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Solar Energy SunShot gives $60 more for low cost solar power.

Published on October 25th, 2013 | by Tina Casey

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$60 Million More For Low Cost Solar Power

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October 25th, 2013 by  

The cost of solar energy has already plunged a whopping 70 percent in just three years, and it is set to dive right off the charts. The Department of Energy has just announced a new round of $60 million in grants from the innovative solar funding program that has been the driving force behind this impressive success, the SunShot Initiative.

Some of that SunShot money is going to a company called EnergySage, Inc., which is tasked with applying the “best practices of web-based shopping” to develop an online comparison tool that will help make it easier for consumers to compare prices for solar installations.

The “Other” Federal Marketplace

If that sounds vaguely like the idea behind the Affordable Care Act’s online Marketplace, healthcare.gov, that’s generally the idea. In fact, earlier this year EnergySage released a version of its shopping tool, which it calls the EnergySage Solar Marketplace.

SunShot gives $60 more for low cost solar power.

Rooftop solar panels courtesy of Arlington County.

As in the health care Marketplace, the Solar Marketplace providers are pre-screened and an automated format makes choosing among numerous options a relatively easy task, while competition for consumers helps keep prices in check.

The first version of the Solar MarketPlace received $500,000 in SunShot funding back in 2012. Based on the success of the Solar Marketplace so far, yesterday the company was awarded another $1.25 million to tweak it some more.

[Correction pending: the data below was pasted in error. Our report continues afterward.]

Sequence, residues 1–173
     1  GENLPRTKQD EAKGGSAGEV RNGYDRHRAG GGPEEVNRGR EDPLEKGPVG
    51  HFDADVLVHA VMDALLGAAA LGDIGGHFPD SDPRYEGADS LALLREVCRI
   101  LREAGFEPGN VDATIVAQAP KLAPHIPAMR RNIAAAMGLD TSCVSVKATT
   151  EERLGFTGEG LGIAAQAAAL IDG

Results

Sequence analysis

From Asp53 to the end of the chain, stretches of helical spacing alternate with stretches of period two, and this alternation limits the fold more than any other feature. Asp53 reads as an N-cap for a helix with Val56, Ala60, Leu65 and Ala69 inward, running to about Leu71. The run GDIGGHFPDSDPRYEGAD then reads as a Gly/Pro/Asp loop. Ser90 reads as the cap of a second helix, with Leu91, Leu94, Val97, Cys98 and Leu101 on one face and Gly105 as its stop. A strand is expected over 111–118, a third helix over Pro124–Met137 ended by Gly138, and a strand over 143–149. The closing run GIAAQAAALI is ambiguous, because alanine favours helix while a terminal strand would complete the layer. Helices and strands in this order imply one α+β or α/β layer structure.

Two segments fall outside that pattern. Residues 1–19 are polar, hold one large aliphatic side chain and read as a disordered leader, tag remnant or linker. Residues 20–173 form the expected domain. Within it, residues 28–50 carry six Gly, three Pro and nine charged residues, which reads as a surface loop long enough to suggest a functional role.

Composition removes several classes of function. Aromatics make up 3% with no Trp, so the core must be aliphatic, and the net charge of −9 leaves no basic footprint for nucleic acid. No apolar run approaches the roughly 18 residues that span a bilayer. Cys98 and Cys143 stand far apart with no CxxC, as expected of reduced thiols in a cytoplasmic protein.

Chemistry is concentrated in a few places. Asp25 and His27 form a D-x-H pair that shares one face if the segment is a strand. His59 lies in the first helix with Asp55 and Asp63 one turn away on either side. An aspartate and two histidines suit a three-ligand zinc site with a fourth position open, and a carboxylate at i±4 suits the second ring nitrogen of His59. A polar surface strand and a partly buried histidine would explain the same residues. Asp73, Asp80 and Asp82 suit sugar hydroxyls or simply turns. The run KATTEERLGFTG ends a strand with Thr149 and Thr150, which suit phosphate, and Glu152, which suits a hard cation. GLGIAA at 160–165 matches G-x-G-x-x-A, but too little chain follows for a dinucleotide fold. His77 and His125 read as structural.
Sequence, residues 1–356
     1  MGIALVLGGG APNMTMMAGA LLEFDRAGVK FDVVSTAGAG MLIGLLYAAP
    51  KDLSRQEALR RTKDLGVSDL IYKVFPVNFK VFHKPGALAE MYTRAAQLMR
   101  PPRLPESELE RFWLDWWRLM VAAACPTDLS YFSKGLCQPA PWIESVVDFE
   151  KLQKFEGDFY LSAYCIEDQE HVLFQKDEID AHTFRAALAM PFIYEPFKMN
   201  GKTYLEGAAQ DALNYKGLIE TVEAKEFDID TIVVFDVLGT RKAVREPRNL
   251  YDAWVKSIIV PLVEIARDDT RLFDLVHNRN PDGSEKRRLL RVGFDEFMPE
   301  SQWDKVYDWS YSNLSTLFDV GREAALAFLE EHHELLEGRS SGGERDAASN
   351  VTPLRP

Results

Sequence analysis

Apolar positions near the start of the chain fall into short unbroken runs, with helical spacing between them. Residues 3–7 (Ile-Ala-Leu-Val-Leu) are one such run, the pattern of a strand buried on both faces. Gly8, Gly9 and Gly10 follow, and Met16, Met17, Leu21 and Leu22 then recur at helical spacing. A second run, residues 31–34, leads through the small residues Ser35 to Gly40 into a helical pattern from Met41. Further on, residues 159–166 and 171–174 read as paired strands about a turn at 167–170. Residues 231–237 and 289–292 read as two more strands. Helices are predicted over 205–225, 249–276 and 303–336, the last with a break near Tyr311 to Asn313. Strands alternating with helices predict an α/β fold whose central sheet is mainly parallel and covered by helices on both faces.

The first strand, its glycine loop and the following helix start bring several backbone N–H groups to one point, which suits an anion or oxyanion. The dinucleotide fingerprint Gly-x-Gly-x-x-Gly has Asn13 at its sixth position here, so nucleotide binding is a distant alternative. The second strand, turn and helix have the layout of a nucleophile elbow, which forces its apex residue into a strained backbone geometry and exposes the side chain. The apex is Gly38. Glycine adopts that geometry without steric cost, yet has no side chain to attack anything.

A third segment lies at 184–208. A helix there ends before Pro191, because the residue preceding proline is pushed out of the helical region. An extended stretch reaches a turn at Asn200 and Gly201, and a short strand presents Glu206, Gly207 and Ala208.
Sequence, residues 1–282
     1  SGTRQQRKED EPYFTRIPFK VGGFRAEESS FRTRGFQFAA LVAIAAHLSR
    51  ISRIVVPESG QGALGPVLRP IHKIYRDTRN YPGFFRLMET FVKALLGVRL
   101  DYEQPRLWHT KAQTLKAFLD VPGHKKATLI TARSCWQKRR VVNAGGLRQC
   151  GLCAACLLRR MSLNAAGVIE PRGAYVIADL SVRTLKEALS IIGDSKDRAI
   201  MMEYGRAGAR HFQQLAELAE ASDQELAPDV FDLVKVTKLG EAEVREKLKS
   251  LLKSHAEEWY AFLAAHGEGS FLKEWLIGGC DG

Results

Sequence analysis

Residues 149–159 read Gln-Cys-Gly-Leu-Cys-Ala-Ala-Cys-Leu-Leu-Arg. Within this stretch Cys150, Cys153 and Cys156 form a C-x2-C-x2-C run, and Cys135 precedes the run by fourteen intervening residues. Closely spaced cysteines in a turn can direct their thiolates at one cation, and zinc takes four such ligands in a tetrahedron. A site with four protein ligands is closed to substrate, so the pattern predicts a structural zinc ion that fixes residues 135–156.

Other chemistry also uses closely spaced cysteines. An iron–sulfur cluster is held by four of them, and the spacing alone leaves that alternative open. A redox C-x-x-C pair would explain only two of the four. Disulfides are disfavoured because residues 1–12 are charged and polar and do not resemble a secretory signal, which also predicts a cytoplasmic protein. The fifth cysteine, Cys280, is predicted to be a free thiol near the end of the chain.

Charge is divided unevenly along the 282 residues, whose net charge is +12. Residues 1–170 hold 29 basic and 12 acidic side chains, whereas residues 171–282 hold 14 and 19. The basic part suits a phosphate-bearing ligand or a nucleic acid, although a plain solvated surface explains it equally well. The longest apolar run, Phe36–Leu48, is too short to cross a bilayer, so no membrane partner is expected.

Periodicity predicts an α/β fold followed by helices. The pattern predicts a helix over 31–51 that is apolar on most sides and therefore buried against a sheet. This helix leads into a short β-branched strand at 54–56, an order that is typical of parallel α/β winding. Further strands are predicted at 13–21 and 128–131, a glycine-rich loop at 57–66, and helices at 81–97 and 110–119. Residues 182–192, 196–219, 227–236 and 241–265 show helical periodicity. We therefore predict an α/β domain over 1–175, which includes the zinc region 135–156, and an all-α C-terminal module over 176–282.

With the new funding in hand, EnergySage will develop the Solar Marketplace thusly:

Planned enhancements will allow consumers to evaluate the suitability, costs and benefits of solar panel systems at their own properties using real-time market data provided by the EnergySage platform prior to initiating the buying process.

The Solar Marketplace system currently provides automatic adjustments for consumers to compare prices and benefits among different sizes and types of installations, and among financing options, too.

As noted previously in CleanTechnica, one standout feature of the Solar MarketPlace is that it provides at least two tiers of engagement, enabling interested consumers to dig deeper into the technology details.

Aside from the obvious benefits to consumers, EnergySage also notes that the Solar Marketplace has benefited the bottom line for solar companies by providing national, mass market exposure to all qualified solar companies, regardless of their size.

Here’s the result, according to EnergySage:

Since its launch, the EnergySage Solar Marketplace has demonstrated its success in closing sales at a much higher rate and shorter sales cycle time than the industry average.

$60 Million In Funding For Low Cost Solar Energy

The EnergySage award is a good example of SunShot’s singular focus on the goal of driving down the cost of solar energy by any means necessary, rather than focusing exclusively on improving solar cell efficiency.

To that end, the new round of funding devotes $12 million to 17 companies that will help lower the “soft costs” of solar power. That includes the Solar MarketPlace as well as a new rooftop solar mapping tool and automatic installation systems designed for utility-scale solar plants.